Mill Monday 24 – Rohrer

Welcome to Mill Monday! It’s time to feature another one of Lancaster County Pennsylvania’s water-powered grist mills. Today we visit the Calamus Creek in Paradise Township where the Highland-Rohrer mill has sat for 170 years.

The first mill was a small wooden mill built by Jacob Denlinger during the early days of Lancaster County’s formation. In 1834, Henry Rohrer purchased the mill from the Denlinger family. At this time, the mill was known as the “Highland Mill”. Henry’s son, Christian, took over the business in 1852 and replaced the frame mill with a new brick grist and sawmill. Power was provided via a 16-foot overshot wheel situated inside the west end of the building to shield it from the elements. The mill was enlarged at the east end of the building in 1879. A coal-fired boiler provided heat for the mill and even heated the nearby farmhouse by way of underground steam pipes. An eight-foot dam on the Calamus creek directed water into a 1,300-foot headrace. Two ponds collected water from the headrace to store water for the mill. The ponds would fill up overnight and provide enough water to power the mill during the day. The ponds would also produce ice in the winter and two ice houses were built to store the ice blocks. Sawdust from the sawmill was used to insulate the ice. A short, 100-foot tailrace returned water to the creek.

In 1917, Western Electric installed electrical generation equipment in the mill. The generator was run by waterpower and supplied light and power to the mill and surrounding buildings. Electricity was not available yet from public generation plants to these rural areas.

Christian Rohrer’s two sons, John C. and Frank H. took over the business in 1918 and operated under the name “Rohrer Brothers”. The mill produced 10-13,000 bushels per year during its peak in the 1930s. By now, the mill specialized in whole wheat flour and corn meal. The Rohrer brothers replace the wooden waterwheel with a new steel wheel that required less maintenance. A 15 HP diesel engine was installed to augment the waterpower. The diesel engine powered a hammermill and could be put into service to power the grind stones if not enough water was available to run the water wheel. Another interesting feature was a cable system that brought power from the mill up to the barn to run the threshing machine. The cable ran from the mill to a gear tower where the line made a 90 degree turn to continue to the barn. This tower can still be seen on the mill property.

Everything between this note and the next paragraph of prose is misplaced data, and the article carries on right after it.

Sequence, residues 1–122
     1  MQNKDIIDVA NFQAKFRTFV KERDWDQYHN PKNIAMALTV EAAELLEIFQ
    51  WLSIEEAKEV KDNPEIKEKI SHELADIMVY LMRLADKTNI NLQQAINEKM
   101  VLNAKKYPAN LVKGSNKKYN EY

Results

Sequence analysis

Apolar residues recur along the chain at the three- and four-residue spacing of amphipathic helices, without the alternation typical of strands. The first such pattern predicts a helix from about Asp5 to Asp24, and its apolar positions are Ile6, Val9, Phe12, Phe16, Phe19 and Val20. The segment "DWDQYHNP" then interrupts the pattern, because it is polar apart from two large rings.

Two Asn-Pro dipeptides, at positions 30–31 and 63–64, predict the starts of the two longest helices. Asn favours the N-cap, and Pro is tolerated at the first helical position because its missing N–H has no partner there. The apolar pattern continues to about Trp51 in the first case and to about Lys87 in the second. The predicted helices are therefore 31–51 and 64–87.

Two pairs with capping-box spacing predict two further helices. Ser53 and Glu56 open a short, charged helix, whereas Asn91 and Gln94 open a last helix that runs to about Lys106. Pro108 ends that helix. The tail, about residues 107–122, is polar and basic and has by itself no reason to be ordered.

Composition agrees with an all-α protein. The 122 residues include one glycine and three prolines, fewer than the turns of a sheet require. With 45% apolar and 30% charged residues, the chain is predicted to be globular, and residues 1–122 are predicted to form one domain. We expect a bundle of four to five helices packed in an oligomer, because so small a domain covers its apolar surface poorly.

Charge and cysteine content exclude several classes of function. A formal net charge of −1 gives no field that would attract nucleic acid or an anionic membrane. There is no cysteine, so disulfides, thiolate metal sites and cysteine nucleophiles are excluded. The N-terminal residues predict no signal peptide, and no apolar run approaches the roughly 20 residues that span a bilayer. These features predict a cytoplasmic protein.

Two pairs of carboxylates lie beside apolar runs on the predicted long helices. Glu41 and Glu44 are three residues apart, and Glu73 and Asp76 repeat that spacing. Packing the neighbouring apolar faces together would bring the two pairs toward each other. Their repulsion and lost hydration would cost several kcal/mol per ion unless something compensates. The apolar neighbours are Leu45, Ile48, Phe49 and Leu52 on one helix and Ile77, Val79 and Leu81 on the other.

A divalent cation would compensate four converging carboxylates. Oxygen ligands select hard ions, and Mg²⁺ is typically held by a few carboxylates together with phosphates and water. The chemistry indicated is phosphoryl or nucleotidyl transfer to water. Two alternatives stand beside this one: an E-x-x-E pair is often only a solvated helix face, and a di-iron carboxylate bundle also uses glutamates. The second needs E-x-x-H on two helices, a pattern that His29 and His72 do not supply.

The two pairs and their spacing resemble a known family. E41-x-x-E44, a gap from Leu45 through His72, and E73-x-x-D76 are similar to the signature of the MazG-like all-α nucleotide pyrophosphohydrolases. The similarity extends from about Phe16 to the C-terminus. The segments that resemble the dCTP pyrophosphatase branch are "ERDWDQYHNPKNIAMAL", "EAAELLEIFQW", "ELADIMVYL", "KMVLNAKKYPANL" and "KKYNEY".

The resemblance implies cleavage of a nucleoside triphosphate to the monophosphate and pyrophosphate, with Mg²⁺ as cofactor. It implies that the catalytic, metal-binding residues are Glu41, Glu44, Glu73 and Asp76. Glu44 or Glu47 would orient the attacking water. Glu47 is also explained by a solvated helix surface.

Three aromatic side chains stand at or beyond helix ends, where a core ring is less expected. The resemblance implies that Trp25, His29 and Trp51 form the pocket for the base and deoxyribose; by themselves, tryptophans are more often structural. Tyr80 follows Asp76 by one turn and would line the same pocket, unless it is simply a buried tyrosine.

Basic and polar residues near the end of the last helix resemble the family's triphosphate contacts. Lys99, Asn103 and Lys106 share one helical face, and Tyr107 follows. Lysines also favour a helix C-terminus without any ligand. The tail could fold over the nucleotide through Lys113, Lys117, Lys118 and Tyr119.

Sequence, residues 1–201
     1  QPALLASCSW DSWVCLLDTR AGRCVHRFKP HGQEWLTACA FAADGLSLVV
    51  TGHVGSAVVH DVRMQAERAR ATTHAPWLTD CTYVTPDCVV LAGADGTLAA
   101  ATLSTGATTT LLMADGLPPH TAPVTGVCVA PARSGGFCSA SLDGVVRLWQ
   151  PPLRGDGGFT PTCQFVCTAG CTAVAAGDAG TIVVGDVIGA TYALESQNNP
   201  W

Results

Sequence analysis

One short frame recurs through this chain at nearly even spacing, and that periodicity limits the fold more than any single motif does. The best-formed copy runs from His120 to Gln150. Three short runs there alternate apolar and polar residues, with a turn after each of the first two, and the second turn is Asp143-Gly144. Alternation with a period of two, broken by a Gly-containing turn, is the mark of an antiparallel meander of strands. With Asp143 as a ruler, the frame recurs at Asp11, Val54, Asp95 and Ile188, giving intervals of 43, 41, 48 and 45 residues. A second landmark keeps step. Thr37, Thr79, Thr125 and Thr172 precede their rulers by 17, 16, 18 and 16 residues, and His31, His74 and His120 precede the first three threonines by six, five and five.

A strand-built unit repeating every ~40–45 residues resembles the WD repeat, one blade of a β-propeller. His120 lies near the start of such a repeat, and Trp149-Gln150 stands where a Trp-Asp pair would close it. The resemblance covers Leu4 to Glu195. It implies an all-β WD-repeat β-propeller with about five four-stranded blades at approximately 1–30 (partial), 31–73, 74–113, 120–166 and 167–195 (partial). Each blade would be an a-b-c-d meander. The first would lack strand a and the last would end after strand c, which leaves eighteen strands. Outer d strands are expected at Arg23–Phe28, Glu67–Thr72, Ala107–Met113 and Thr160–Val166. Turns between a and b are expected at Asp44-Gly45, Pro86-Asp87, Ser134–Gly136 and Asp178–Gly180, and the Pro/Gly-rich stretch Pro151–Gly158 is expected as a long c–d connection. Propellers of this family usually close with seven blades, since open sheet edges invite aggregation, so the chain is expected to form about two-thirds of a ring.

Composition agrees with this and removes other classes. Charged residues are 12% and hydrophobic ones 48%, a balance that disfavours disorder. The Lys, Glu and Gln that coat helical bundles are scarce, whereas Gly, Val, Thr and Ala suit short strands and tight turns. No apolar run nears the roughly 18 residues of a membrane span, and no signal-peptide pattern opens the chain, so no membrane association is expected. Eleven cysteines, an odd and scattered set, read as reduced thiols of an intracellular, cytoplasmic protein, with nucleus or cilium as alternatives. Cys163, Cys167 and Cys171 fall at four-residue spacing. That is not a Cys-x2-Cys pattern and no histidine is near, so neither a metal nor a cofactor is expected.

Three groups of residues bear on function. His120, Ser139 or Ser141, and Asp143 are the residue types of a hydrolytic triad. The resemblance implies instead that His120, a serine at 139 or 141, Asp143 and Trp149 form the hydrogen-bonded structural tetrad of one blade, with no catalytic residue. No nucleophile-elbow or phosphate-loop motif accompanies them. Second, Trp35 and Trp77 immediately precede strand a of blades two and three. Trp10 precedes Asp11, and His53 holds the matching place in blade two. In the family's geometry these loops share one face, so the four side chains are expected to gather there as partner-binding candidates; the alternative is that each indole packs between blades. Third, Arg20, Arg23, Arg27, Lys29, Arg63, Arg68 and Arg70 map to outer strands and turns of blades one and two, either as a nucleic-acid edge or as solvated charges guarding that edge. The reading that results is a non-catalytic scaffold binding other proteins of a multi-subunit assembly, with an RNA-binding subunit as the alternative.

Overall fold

John Rohrer’s daughter, Esther and her husband Christian Landis became the owner/operators in 1940. The Landises continued to produce whole wheat flour. This was popular with tourists visiting the area. They also sold corn meal to Kunzler to be made into scrapple. The mill produced 2000 bushels of stone ground wheat in 1983. The sawmill ceased operations in 1967 because it could no longer compete with modern equipment. Christian and Esther’s son James assumed operations in the 1980s. The output of the mill declined as demand for its products decreased. Then, in 2006, disaster struck. A fire started overnight in the vicinity of the diesel engine. The mill was fully involved before anyone became aware of it. Most of the east end and central parts of the mill were destroyed. The building was restored with the help of some Amish neighbors, but the milling business came to an end. In 2021, the farm and mill are owned by James’ son Keith Landis. The mill is being used as a workshop.

The mill is located at 271 Rohrer Mill Road, Paradise, PA.

Information and photographs of this mill may be found on this website at

See you next week for another Mill Monday.